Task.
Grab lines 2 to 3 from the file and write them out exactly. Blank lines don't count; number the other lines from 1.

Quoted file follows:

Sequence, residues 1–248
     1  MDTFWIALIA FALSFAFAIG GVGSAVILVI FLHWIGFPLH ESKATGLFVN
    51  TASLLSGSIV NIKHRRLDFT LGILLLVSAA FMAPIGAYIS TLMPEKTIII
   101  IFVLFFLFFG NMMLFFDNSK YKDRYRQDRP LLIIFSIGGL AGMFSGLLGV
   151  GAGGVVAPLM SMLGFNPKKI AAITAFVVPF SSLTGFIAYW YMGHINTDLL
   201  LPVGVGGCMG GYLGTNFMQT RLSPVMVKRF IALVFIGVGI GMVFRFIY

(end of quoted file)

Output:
     1  MDTFWIALIA FALSFAFAIG GVGSAVILVI FLHWIGFPLH ESKATGLFVN
    51  TASLLSGSIV NIKHRRLDFT LGILLLVSAA FMAPIGAYIS TLMPEKTIII